you explain the other 370?
a) The British welfare state is far bigger and better funded than the
American
b) The kind of poverty seen in New Orleans doesn't exist here
Therefore...
c) A big and well-funded welfare state can eliminate the worst forms of
poverty from society
Yo Karl,
I don't want to have to get up in the mornings and go to work anymore.
You can fund my lazy ways, 'kay?
Maybe you could get off your racist ass and think about a economy that
gives all those millions of people something to do.
Post by Perfesser White
Thanks a bunch,
Perfesser White
_______________________________________________________________________________
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"'I’m not meeting with that goddamned bitch,' Bush screamed at aides
who suggested he meet with Cindy Sheehan, the war-protesting mother
whose son died in Iraq. 'She can go to hell as far as I’m concerned!'"
--Putsch, a decompensating drunk

"Grover Norquist couldn't drown the government, so he drowned New Orleans instead."

Not dead, in jail, or a slave? Thank a liberal!
Pay your taxes so the rich don't have to.
For the finest in liberal/leftist commentary,
http://www.zeppscommentaries.com
For news feed (free, 10-20 articles a day)
http://groups.yahoo.com/subscribe/zepps_news
For essays (donations accepted, 2 articles/week)
http://groups.yahoo.com/subscribe/zepps_essays

a.a. #2211 -- Bryan Zepp Jamieson
nevermore
2005-09-16 14:09:52 UTC
Permalink
On Fri, 16 Sep 2005 06:45:33 -0700, 1896 Dead
Post by unknown
On 16 Sep 2005 11:32:00 GMT, Perfesser White
Post by Perfesser White
Post by Karl
Post by Cybertron
This is an excellent article. Too bad it has to come from the U.K.
It's from The Times, a Murdoch paper, which takes the American,
Republican viewpoint of its owner. So it's not a typical UK point of
view at all - it's taken right out of Republican propaganda.
And it's a bullshit point of view. Black poverty in America goes back
400 years. So if the past 30 are the fault of the welfare state, how do
you explain the other 370?
a) The British welfare state is far bigger and better funded than the
American
b) The kind of poverty seen in New Orleans doesn't exist here
Therefore...
c) A big and well-funded welfare state can eliminate the worst forms of
poverty from society
Yo Karl,
I don't want to have to get up in the mornings and go to work anymore.
You can fund my lazy ways, 'kay?
Maybe you could get off your racist ass and think about a economy that
gives all those millions of people something to do.
So now we have to create jobs for you people that have no education
because they squandered away their educational opportunities?




--
"Glad you don't go along with the "get wrecked every night" philosophy
I did for a while, which led to me never finishing college."
Greywolf Zepp Jamieson Jan 11 1997
http://groups-beta.google.com/group/alt.horror.werewolves/msg/645945536f518ea8?hl=en&
Way Back Jack
2005-09-16 14:58:43 UTC
Permalink
On Fri, 16 Sep 2005 06:45:33 -0700, 1896 Dead
Post by unknown
On 16 Sep 2005 11:32:00 GMT, Perfesser White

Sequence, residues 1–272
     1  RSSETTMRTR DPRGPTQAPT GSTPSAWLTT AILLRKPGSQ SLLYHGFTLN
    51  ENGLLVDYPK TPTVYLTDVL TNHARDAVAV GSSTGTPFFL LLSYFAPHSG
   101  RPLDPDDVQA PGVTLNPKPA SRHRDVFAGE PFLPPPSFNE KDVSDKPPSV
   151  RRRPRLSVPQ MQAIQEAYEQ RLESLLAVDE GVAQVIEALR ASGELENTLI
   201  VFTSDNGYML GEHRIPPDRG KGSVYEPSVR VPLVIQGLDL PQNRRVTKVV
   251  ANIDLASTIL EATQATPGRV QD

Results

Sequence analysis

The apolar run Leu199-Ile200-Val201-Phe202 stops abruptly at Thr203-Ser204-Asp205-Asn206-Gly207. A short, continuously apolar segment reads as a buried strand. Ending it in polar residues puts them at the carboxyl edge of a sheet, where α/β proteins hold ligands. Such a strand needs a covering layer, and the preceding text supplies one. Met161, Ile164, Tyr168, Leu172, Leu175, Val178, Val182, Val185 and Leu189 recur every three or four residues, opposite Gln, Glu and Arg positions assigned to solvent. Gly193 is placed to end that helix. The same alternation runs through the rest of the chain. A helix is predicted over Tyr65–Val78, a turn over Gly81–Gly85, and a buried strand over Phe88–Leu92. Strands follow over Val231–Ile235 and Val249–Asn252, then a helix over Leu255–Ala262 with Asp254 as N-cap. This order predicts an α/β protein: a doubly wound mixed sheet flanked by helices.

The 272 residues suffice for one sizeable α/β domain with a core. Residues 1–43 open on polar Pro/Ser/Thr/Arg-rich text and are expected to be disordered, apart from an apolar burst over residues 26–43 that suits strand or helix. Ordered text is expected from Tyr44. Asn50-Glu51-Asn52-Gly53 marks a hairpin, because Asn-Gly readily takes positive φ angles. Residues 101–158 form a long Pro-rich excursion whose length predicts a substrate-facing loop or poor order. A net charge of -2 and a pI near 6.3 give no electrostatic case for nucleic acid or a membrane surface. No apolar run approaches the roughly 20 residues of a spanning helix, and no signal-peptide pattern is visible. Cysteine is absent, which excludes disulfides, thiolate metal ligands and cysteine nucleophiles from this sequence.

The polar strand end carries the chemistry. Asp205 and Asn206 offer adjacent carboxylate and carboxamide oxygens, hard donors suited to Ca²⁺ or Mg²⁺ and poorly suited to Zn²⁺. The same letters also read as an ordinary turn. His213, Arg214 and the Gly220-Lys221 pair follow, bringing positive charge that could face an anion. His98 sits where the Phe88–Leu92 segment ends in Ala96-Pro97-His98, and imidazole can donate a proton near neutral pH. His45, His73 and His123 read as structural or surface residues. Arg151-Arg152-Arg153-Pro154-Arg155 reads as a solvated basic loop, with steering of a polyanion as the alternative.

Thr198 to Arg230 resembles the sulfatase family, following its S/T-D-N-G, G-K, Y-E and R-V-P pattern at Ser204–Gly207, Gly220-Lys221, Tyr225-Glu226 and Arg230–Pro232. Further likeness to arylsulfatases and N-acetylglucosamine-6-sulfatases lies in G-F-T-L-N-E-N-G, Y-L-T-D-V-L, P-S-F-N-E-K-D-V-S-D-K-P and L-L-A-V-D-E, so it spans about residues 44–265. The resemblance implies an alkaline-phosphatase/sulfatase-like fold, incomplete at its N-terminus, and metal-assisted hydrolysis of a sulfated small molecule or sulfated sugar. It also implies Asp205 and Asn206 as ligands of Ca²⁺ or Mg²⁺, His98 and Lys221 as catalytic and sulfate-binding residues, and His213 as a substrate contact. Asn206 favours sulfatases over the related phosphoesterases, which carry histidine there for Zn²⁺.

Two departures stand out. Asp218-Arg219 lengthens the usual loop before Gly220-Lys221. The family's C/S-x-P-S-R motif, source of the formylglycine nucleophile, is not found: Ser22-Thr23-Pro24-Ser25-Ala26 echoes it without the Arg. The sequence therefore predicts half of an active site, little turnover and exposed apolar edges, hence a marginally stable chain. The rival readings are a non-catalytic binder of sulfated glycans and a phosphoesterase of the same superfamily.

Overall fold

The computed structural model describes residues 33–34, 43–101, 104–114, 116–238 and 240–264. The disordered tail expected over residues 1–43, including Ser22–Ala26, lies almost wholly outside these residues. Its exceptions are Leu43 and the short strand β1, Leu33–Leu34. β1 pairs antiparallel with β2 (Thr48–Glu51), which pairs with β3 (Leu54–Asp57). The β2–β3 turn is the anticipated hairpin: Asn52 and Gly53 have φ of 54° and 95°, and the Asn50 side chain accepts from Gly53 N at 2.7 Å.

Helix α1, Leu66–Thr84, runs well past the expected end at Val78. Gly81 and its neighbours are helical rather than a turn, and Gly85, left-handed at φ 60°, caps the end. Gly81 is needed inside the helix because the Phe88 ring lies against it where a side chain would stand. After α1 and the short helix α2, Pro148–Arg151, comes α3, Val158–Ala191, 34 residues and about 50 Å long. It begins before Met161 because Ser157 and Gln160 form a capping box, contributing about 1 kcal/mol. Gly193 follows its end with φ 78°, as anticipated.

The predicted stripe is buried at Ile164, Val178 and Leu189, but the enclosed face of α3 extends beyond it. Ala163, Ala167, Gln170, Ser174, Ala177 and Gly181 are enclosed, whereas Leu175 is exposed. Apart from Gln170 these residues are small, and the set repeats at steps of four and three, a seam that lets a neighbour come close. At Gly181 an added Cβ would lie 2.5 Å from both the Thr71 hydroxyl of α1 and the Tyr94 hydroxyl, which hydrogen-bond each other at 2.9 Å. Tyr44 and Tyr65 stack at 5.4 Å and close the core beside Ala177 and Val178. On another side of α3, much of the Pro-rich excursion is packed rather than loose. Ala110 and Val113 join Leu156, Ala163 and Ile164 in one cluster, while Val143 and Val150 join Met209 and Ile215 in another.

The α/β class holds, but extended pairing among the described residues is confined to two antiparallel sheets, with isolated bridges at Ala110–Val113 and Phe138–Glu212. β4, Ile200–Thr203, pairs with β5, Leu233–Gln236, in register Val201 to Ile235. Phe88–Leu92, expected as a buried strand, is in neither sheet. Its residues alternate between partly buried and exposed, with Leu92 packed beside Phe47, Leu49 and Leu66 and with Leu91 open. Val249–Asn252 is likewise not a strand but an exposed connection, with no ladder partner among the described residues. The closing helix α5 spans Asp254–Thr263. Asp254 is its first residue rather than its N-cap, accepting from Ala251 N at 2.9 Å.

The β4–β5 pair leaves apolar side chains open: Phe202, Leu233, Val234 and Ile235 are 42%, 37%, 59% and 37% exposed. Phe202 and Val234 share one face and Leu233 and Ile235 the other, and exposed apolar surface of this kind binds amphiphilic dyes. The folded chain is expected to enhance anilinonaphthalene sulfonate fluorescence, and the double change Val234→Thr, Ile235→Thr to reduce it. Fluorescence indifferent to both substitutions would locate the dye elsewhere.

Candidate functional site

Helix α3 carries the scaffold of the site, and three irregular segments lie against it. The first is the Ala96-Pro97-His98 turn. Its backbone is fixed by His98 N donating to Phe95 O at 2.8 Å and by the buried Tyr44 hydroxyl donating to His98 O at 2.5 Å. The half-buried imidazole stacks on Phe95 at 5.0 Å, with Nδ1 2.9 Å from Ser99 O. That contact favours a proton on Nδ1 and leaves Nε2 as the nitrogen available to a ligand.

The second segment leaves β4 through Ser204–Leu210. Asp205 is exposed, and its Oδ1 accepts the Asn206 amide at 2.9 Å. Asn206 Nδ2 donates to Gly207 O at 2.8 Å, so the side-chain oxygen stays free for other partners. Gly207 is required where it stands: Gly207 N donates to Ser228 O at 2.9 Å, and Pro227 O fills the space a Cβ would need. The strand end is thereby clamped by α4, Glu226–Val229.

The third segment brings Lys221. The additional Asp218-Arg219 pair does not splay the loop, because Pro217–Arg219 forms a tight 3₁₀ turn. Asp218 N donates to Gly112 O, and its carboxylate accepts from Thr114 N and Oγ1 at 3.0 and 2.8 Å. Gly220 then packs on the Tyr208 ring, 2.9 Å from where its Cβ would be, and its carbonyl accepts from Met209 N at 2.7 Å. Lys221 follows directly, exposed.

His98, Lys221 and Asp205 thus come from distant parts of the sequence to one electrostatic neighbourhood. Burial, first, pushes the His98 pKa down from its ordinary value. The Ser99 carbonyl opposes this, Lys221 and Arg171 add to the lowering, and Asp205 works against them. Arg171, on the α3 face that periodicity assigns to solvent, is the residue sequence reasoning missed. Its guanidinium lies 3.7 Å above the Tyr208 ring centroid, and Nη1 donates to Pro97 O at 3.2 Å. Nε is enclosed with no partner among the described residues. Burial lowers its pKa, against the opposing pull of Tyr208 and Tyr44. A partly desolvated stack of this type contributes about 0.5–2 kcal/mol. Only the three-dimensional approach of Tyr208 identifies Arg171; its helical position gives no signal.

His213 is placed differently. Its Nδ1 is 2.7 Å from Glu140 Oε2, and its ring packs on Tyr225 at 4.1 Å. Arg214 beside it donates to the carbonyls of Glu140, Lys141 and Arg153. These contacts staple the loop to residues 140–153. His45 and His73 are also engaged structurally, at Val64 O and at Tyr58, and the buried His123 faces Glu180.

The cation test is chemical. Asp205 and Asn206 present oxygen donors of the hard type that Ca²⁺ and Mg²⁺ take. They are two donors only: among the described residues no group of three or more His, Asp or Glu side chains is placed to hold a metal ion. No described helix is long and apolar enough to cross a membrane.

Post by Perfesser White
Post by Karl
Post by Cybertron
This is an excellent article. Too bad it has to come from the U.K.
It's from The Times, a Murdoch paper, which takes the American,
Republican viewpoint of its owner. So it's not a typical UK point of
view at all - it's taken right out of Republican propaganda.
And it's a bullshit point of view. Black poverty in America goes back
400 years. So if the past 30 are the fault of the welfare state, how do
you explain the other 370?
a) The British welfare state is far bigger and better funded than the
American
b) The kind of poverty seen in New Orleans doesn't exist here
Therefore...
c) A big and well-funded welfare state can eliminate the worst forms of
poverty from society
Yo Karl,
I don't want to have to get up in the mornings and go to work anymore.
You can fund my lazy ways, 'kay?
Maybe you could get off your racist ass and think about a economy that
gives all those millions of people something to do.
Maybe they could get off their lazy asses and stop haing everyone do
their thinking for them.
Byker
2005-09-16 16:01:35 UTC
Permalink
Post by unknown
Maybe you could get off your racist ass and think about a economy that
gives all those millions of people something to do.
Having them make little ones out of big ones in the Concrete Congo will give
them plenty to do...
Primus
2005-09-17 16:56:10 UTC
Permalink
Post by Byker
Post by unknown
Maybe you could get off your racist ass and think about a economy that
gives all those millions of people something to do.
Having them make little ones out of big ones in the Concrete Congo will give
them plenty to do...
In a true capitalist society everyone is rich. Bush should stay on as
president for life because that is his goal. Jesus said that we must let the
poor fail on their own so they die.

only the strong & the white survive.
Perfesser White
2005-09-16 17:04:31 UTC
Permalink
Post by unknown
On 16 Sep 2005 11:32:00 GMT, Perfesser White
Post by Perfesser White
Post by Karl
Post by Cybertron
This is an excellent article. Too bad it has to come from the U.K.
It's from The Times, a Murdoch paper, which takes the American,
Republican viewpoint of its owner. So it's not a typical UK point of
view at all - it's taken right out of Republican propaganda.
And it's a bullshit point of view. Black poverty in America goes back
400 years. So if the past 30 are the fault of the welfare state, how do